Faye Levy is the author of 1,000 Jewish Recipes.
Chard can be cooked like spinach and is a quicker substitute because chard has much larger leaves and takes little time to clean. This chard and vegetable casserole, moistened with olive oil, flavored with garlic and sauteed onion and topped with chopped almonds, can be made in advance and reheated.
Makes 6 servings.
700 gr. (11⁄2 pounds) Swiss chard, rinsed thoroughly
6 to 8 Tbsp. extra virgin olive oil
1⁄2 cup finely chopped onion
800 gr. (13⁄4 pounds) ripe tomatoes, peeled, seeded, and finely chopped
3 small garlic cloves, minced
Salt and freshly ground pepper
2 small sweet red bell peppers, halved crosswise and cut in strips 6 mm (1⁄4 inch) wide
1 sweet green pepper, cut like the red peppers
3 Tbsp. unseasoned bread crumbs
3 Tbsp. coarsely chopped blanched almonds
Preheat oven to 205ºC (400ºF). Cut chard leaves from stems, discarding stems. Pile chard leaves, cut them in half lengthwise and then crosswise in strips about 1 cm, (1⁄2 inch) wide.
In medium-size saucepan of boiling salted water, cook, uncovered, about 3 minutes, or until just tender. Drain thoroughly. Squeeze by handfuls to remove excess moisture.
In a large skillet, heat 2 or 3 tablespoons olive oil over medium heat, stir in onion, and cook about 7 minutes, or until soft but not brown. Stir in tomatoes. Raise heat to high and cook, stirring constantly, about 12 minutes or until mixture becomes dry. Stir in garlic, add ground pepper and adjust seasoning to taste.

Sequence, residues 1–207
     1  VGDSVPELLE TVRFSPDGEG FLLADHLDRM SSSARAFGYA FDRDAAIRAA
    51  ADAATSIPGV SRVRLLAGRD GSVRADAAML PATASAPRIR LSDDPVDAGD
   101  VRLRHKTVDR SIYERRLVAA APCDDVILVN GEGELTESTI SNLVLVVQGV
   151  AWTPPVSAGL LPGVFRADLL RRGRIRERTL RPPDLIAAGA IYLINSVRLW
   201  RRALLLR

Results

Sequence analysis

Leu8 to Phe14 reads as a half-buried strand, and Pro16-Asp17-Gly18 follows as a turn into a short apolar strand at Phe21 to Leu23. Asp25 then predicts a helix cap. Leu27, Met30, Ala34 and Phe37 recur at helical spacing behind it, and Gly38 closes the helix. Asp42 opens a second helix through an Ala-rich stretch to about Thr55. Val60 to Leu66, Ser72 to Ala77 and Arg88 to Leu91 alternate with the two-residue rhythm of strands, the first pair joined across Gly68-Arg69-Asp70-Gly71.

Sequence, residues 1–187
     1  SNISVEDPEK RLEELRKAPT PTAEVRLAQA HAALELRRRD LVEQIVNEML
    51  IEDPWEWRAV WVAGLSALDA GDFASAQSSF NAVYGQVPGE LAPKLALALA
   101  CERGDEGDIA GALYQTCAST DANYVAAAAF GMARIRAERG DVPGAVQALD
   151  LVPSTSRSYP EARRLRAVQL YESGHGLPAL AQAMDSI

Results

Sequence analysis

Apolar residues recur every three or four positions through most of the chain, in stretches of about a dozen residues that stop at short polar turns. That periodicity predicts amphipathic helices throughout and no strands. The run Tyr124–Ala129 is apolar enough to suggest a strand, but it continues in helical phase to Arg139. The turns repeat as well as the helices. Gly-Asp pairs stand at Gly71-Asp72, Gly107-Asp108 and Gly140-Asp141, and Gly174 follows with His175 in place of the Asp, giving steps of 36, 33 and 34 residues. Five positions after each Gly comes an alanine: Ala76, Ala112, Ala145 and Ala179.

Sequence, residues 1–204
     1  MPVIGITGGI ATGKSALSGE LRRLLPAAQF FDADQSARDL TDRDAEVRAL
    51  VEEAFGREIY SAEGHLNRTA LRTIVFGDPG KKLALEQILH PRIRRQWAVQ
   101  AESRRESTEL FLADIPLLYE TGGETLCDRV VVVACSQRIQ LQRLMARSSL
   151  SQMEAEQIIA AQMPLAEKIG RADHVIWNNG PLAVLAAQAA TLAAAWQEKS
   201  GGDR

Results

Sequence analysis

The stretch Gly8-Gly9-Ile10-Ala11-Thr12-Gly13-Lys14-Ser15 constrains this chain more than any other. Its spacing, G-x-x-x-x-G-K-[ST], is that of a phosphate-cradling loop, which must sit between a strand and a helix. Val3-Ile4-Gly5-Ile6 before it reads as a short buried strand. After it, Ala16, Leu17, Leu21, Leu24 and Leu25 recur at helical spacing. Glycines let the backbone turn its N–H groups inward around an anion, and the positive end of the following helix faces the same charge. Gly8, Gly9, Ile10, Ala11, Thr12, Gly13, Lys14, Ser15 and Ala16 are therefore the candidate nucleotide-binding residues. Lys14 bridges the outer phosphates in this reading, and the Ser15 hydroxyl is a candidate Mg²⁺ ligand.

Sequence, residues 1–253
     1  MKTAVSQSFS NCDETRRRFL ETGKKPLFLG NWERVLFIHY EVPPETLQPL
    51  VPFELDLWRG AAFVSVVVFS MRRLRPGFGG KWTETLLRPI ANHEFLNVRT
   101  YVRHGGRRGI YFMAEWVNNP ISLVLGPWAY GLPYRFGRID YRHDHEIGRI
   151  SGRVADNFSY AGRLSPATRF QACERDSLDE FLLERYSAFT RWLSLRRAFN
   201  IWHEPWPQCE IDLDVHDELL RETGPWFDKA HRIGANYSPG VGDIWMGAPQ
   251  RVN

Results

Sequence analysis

In a large skillet, heat 2 or 3 tablespoons of olive oil over medium-low heat, add peppers, salt and pepper to taste and cook, tossing often, about 7 minutes or until tender.
Lightly coat a heavy 5-cup gratin dish or other shallow baking dish with olive oil.
Spread chard in dish. Spoon tomato mixture over chard and smooth. Spoon pepper mixture evenly over tomatoes.
Scatter bread crumbs then almonds evenly over vegetables. Sprinkle with 2 tablespoons olive oil. Bake about 15 minutes, or until vegetables are heated through and beginning to bubble at the bottom. If topping is not brown, broil with broiler door partly open about 1 minute or just until lightly browned, checking often and turning dish if necessary so topping browns evenly. Serve hot, from baking dish.
This recipe is from Sephardic Cooking by Copeland Marks. “Pumpkin is a common vegetable in Persia and is popular with the Jews,” he wrote.
The sauce in this dish is flavored with sauteed onions and dried apricots. Marks calls for lamb but you can use ground chicken instead. The kabobs are stewed, not grilled.
Makes 6 to 8 servings with rice and salad
1 cup dried green mung beans, soaked in 2 cups water overnight
450 gr. (1 pound) ground lamb 1 medium onion, grated (1⁄2 cup)
1 tsp. salt
1⁄4 tsp. pepper
1⁄4 tsp. ground turmeric
2 Tbsp. vegetable oil 2 medium onions, chopped (1 cup)
450 gr. (1 pound) pumpkin, peeled, cut into 7.5-cm. (3-inch) pieces
1 cup dried apricots, soaked in 1 cup water for 1 hour
1 cup water
Stir soaked mung beans briskly to remove the skins. Scoop off the skins with a slotted spoon and discard. Put the beans and soaking liquid in a large pan.
Mix lamb, grated onion, salt, pepper and turmeric together by hand or in a processor.

Set aside.
Heat oil in a skillet and stir-fry the chopped onions over low heat for about 4 minutes until golden/light brown on the edges. Pour into pan with the beans. Add pumpkin pieces, apricots and liquid, and 1 cup water and bring to a boil.
Take 1 heaping tablespoon of the lamb mix for each kabob and shape cylinders 5 cm. (2 inches) long and 2.5 cm. (1 inch) thick. Put these into the bean and pumpkin pan one by one. Cover and cook over low heat, without stirring, for 15 minutes, or until all ingredients are tender but not mushy. Cook for 5 to 10 minutes more if too firm.
Serve warm with ample sauce.